Also, I’m a California litigator. I’ve spent a lot of time puzzling over California statutes. I’ve come to believe that California statutory law needs some watchdogging. So I offer my comments in that vein.

Here’s Levy’s argument that the statute won’t apply to individual bloggers:

… Professor Goldman ignores the limiting impact of the word “entity.” An individual is not an entity; rather, an entity is defined by Black’s Law Dictionary as an organization whose identity is separate from its members.

First, while a dictionary can be helpful resource for readers stumbling across unfamiliar legal words, it is not, at least in my view, a particularly persuasive foundation for interpreting a statute. Regardless, however, I don’t think the definition that Levy cites excludes natural persons. If you look at the whole definition, it clearly says that an entity can have a separate legal existence from its members, but the definition doesn’t say that a natural person can’t be an entity.

At any rate, dictionary definitions are really beside the point. The fact is, there’s a plentitude of legal precedents considering “entity” to embrace an individual person. For instance, many statutory schemes explicitly define “entity” to embrace an individuals. One prominent example is the U.S. Bankruptcy Code. See, 11 U.S.C. § 101(14).

Moreover, courts have plainly used the word “entity” to refer to an individual person. In discussing what the word “individual” meant, for instance, New York’s high court held, “An individual is one entity, one distinct being, a single one, and when spoken of the human kind means one man or one woman.” People v. Doty, 35 Sickels 225, 1880 WL 12385 (N.Y. 1880).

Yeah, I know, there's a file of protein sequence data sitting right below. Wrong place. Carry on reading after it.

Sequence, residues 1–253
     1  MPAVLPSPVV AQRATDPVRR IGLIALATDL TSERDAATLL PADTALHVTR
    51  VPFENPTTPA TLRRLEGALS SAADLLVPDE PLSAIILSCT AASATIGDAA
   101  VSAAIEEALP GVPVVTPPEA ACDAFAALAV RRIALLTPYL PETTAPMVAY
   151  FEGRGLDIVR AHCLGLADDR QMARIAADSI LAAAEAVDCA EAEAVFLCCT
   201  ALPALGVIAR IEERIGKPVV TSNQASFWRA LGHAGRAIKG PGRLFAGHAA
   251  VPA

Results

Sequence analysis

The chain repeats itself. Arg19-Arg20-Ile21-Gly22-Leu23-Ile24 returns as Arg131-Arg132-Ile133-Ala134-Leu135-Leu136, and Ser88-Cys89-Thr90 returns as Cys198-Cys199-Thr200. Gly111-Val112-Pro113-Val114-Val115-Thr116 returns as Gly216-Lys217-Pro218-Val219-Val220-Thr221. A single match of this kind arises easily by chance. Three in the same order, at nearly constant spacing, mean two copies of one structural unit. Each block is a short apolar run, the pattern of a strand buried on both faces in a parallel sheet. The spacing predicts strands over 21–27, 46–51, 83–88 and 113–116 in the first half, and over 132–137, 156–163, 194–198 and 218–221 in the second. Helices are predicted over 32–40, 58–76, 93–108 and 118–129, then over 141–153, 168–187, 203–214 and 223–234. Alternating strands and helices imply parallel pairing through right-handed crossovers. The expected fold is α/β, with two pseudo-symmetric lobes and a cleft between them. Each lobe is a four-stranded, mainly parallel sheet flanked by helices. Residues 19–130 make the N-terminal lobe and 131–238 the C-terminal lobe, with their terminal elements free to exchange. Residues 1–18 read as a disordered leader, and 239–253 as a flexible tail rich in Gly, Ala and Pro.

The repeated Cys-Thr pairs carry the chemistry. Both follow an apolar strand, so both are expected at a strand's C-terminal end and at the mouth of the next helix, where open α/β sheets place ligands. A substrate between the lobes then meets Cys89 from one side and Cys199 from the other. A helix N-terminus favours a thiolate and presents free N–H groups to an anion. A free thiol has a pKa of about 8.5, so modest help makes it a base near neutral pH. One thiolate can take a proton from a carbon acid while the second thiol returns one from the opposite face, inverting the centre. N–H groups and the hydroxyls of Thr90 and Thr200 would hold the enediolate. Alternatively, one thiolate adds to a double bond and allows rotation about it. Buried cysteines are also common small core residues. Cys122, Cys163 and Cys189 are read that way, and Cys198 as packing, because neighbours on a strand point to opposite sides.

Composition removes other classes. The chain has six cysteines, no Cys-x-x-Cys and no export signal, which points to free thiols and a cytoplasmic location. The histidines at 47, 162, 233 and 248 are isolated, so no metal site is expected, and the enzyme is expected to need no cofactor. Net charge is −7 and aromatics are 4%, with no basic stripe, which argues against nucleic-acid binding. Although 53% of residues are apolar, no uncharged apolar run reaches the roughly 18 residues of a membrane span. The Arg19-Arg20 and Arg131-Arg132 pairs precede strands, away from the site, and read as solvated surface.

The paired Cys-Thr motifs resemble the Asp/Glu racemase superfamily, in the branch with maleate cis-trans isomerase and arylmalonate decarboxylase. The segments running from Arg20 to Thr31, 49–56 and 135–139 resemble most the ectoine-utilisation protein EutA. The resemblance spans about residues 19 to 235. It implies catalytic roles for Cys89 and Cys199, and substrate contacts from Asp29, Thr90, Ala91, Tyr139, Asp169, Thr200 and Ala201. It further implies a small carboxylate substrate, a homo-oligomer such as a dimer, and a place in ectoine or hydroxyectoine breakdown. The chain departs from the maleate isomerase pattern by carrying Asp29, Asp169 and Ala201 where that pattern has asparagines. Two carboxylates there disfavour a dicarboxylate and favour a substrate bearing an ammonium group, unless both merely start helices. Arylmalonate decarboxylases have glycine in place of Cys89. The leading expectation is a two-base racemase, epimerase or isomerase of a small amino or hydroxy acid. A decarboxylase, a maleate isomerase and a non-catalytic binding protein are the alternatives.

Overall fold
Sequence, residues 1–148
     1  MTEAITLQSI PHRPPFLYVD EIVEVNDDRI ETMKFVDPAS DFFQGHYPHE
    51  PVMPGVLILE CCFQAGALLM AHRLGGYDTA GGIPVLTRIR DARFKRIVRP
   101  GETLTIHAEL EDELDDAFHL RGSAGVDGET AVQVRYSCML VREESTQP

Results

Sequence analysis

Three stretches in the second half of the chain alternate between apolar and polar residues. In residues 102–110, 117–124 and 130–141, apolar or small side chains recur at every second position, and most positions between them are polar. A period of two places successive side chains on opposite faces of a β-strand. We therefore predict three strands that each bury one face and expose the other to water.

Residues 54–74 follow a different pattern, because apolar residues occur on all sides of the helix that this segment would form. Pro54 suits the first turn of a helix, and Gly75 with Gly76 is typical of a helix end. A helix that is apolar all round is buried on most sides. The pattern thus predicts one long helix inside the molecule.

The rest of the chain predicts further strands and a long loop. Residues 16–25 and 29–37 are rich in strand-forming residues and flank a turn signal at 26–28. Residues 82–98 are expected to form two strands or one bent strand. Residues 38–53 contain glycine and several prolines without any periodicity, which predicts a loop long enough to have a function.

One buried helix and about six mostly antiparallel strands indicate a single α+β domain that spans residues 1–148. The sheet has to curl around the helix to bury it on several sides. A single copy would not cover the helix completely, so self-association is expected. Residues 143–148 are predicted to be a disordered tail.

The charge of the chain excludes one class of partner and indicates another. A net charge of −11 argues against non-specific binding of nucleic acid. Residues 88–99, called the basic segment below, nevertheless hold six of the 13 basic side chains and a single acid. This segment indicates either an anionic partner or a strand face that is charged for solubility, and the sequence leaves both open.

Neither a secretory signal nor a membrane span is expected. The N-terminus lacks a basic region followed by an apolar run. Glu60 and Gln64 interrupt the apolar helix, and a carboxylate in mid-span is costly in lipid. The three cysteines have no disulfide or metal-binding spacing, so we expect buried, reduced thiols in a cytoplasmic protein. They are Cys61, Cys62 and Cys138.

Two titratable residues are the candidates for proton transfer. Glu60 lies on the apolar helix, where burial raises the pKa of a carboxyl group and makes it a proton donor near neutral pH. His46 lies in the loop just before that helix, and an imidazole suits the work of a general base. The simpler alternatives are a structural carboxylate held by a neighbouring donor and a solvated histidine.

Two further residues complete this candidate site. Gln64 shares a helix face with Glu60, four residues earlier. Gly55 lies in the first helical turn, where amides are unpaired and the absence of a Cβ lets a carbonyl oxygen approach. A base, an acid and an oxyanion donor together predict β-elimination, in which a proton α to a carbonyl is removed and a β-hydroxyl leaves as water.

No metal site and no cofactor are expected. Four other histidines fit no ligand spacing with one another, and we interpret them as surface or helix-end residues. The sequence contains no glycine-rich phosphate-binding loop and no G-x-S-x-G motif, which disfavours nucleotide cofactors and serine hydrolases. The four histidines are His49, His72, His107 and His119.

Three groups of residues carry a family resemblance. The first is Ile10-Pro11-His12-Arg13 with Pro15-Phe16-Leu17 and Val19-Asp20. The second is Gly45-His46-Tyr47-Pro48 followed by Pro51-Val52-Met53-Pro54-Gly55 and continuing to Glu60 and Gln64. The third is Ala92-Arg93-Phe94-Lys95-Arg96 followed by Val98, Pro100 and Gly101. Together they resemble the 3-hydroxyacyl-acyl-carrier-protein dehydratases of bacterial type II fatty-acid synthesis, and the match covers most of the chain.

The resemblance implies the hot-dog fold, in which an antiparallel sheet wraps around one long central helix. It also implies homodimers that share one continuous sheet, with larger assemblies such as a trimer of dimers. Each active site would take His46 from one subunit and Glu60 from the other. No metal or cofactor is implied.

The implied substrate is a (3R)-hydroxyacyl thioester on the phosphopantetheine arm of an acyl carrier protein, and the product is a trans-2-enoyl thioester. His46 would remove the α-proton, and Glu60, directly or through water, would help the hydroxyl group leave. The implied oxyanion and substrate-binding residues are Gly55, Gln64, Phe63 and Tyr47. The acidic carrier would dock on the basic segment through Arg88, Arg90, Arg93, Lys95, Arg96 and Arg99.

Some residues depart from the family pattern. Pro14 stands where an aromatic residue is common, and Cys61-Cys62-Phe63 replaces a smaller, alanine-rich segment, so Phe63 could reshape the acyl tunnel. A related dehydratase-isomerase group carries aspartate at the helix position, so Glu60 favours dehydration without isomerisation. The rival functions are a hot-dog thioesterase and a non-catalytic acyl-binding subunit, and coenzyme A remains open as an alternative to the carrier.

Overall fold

In defining “sole proprietorship,” a D.C. court used the word “entity,” saying, “A sole proprietorship is an entity that is so identified with its owner that the business either must undergo a fundamental change or cease to exist upon the owner’s death or retirement.” Hunter Innovations Co. v. Travelers Indem. Co. of Connecticut, 605 F. Supp. 2d 170, 173 (D.D.C. 2009).

Levy makes other arguments, however:

The statute itself confirms this construction, in that it limits any disclosure (voluntary or compelled) to a “government entity,” but limits compelled disclosure to “any person, private entity, or government entity.”

This is a helpful argument, one which I find somewhat persuasive. But it’s not the end of the matter. The fact is, “person” under the law frequently includes such entities as corporations. Often – I would even say most of the time – when the law means an individual human being, and not things such as corporations, the law uses the term “natural person.” In fact, a neighboring section of the California Civil Code, Section 1798.3, says that “‘individual’ means a natural person” and “‘person’ means any natural person, corporation,partnership, limited liability company, firm, or association.” If “person” includes “corporation,” that arguably makes the term “private entity” redundant of “person,” except that ”person” might embrace a public corporation (i.e., a corporation with publicly traded shares), whereas, perhaps, “private entity” would not.